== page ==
Abstract:

A technical assessment has been made of electricity generation, considering wind turbines ranging between Vestas (V80-2.0 MW and V112-3.0 MW) and the air density is equal to 1.225 Kg/m3, at different towns in Libya. Wind speed might have been measured each 3 hours during 10 m stature at a time for 10 quite sometime between 2000 Furthermore 2009, these towns which are spotted on the bank from claiming Mediterranean ocean also how in the desert, which need aid Derna 1, Derna 2, Shahat, Benghazi, Ajdabya, Sirte, Misurata, Tripoli-Airport, Al-Zawya, Al-Kofra, Sabha, Nalut. The work presented long term "wind data analysis in terms of annual, seasonal, monthly and diurnal variations at these sites. Wind power density with different heights has been studied. Excel sheet program was used to calculate the values of wind power density and the values of wind speed frequency for the stations; their seasonally values have been estimated. Limit variable with rated wind pace to 10 different wind turbines need to be been estimated, which is used to focus those required yearly vitality yield of a wind vitality change framework (WECS), acknowledging wind turbines extending between 600 kW and 3000 kW).

Keywords: Energy yield, wind turbines, wind speed, wind power density.

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31 The Effect of Forest Fires on Physical Properties and Magnetic Susceptibility of Semi-Arid Soils in North-Eastern, Libya

Authors: G. S. Eldiabani, W. H. G. Hale, C. P. Heron

Abstract:

Forest areas are particularly susceptible to fires, which are often manmade. One of the most fire affected forest regions in the world is the Mediterranean. Libya, in the Mediterranean region, has soils that are considered to be arid except in a small area called Aljabal Alakhdar (Green mountain), which is the geographic area covered by this study. Like other forests in the Mediterranean it has suffered extreme degradation. This is mainly due to people removing fire wood, or sometimes converting forested areas to agricultural use, as well as fires which may alter several soil chemical and physical properties. The purpose of this study was to evaluate the effects of fires on the physical properties of soil of Aljabal Alakhdar forest in the north-east of Libya. The physical properties of soil following fire in two geographic areas have been determined, with those subjected to the fire compared to those in adjacent unburned areas in one coastal and one mountain site. Physical properties studied were: soil particle size (soil texture), soil water content, soil porosity and soil particle density. For the first time in Libyan soils, the effect of burning on the magnetic susceptibility properties of soils was also tested. The results showed that the soils in both study sites, irrespective of burning or depth fell into the category of a silt loam texture, low water content, homogeneity of porosity of the soil profiles, relatively high soil particle density values and there is a much greater value of the soil magnetic susceptibility in the top layer from both sites except for the soil water content and magnetic susceptibility, fire has not had a clear effect on the soils’ physical properties.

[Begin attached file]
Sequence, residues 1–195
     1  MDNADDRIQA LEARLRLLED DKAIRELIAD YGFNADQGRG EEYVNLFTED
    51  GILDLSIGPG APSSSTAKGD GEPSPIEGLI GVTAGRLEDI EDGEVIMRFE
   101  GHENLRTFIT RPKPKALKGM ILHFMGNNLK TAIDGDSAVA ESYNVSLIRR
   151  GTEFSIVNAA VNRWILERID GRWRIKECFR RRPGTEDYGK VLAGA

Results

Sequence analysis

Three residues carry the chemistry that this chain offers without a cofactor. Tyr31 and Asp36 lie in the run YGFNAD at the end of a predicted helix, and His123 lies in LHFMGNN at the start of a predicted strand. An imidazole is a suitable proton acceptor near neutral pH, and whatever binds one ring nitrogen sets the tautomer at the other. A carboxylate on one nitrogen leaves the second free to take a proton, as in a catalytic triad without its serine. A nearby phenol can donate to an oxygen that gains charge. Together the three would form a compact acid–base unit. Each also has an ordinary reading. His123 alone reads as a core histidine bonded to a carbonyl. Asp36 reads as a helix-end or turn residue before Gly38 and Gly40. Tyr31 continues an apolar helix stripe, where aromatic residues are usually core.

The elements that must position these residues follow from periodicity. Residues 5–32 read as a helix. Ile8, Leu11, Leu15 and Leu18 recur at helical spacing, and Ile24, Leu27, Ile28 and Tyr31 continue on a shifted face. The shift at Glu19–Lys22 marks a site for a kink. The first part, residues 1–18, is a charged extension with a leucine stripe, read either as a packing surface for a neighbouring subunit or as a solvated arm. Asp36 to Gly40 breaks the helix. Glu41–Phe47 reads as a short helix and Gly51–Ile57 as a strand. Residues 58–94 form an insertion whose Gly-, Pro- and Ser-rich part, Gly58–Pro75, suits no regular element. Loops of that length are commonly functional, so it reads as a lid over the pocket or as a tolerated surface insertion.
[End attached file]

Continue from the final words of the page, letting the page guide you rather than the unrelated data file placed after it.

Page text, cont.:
Keywords: Aljabal Alakhdar, the coastal site, the mountain site, fire effect, soil particle size, soil water content, soil porosity, soil particle density, soil magnetic susceptibility.